She praised the park for its effort in supporting 250 jobs. She said on the way into the park, she spoke to a 16-year-old employee named Tabitha, who was working there in her first job.
“It [working in the park] creates a sense of loyalty, work ethic, and how to manage money,” said Guadagno.
Guadagno has been making her rounds in the state for her earmarked “Tourism Tuesday” days, to highlight the state’s tourism assets. Last week she was in Sussex County to focus on Swartswood State Park (click here for our story). The trip to Land of Make Believe was a special stop outside of her tour.
She said this year tourism in New Jersey has increased 5.9 percent. Guadagno relayed that due to Superstorm Sandy’s devastation to the shore areas, other places outside of the beach locations, such as the Land of Make Believe, helped to sustain the state’s tourism assets, and increase tourism.
In the letter that Guadagno read from Christie, accompanied by “two of the most important people of all,” as she phrased it, two of the youngest attending the ceremony, Christie lauded the park for having served as a destination attraction, and for its sense of community and wholesome fun.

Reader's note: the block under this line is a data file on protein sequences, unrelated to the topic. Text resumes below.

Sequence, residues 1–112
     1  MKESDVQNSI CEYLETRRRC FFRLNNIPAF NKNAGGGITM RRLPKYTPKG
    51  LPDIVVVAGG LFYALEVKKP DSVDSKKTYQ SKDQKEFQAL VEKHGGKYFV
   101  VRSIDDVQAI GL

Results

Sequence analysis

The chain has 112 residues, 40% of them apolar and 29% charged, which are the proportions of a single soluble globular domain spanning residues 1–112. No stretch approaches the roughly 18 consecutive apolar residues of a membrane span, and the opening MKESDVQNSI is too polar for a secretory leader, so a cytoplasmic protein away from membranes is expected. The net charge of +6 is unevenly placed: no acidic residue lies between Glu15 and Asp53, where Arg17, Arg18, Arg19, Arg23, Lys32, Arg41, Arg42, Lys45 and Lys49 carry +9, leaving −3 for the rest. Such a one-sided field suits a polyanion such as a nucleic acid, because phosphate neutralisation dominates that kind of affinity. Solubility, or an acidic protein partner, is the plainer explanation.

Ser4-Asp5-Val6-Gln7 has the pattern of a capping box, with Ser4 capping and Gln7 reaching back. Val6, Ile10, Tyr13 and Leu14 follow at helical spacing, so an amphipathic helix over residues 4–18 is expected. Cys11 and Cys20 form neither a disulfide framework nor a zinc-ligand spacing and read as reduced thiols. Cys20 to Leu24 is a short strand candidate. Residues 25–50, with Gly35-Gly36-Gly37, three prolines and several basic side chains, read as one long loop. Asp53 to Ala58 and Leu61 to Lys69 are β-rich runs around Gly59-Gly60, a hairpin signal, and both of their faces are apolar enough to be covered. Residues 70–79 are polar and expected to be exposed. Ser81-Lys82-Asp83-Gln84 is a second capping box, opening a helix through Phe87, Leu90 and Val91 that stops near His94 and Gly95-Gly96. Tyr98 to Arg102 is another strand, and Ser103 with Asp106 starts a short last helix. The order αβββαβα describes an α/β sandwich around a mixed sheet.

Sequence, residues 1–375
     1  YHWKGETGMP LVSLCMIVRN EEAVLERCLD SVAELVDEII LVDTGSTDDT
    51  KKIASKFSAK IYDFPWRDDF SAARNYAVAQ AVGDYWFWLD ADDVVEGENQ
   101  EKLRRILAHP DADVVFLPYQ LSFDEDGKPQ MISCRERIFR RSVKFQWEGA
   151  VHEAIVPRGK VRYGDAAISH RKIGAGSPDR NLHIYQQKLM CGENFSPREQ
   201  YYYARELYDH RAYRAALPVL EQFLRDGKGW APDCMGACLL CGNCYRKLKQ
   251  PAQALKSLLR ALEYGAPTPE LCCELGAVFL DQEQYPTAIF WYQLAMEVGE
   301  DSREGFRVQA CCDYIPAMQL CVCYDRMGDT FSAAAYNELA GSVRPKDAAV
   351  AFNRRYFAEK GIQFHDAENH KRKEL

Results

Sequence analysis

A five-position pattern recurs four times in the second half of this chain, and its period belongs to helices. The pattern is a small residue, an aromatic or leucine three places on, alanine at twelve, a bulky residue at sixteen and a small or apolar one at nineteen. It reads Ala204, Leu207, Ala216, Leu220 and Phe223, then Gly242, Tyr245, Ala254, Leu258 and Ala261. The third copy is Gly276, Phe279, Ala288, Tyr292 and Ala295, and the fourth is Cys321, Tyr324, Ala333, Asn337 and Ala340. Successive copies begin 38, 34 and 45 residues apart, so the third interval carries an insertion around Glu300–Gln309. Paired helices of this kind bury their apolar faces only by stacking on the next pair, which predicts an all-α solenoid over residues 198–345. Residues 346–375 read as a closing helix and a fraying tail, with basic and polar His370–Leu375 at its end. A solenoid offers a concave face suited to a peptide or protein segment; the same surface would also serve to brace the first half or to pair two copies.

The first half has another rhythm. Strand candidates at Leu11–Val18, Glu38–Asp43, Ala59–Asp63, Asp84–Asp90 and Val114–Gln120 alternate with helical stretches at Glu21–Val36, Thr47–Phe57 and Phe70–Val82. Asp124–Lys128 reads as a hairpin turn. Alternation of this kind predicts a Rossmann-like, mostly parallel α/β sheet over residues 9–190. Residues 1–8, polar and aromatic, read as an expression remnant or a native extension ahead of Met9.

Two nine-year-old girls, Molly McHose of Franklin and Cameron Ecke of Byram, were the two who spent time with Guadagno throughout most of the ceremony and helped to read Christie’s letter. Prior to the ceremony, Guadagno also posed with the Warren County Fair Princess Gabrielle Martinez, age 10.
“I commend the Land of Make Believe founders and employees for providing fun-filled entertainment for 60 years,” Guadagno, McHose and Ecke read from the letter.
“Thank you for all you’ve done for Hope Township and New Jersey,” McDonough said. “This institution is a cornerstone of Hope New Jersey, and we’re proud to have it.”
“What a great county,” Garrett added, “to have a favorite candy to eat [Mars] and a fun place to go [Land of Make Believe].”
Garrett said he had brought his children to the Land of Make Believe in their youth.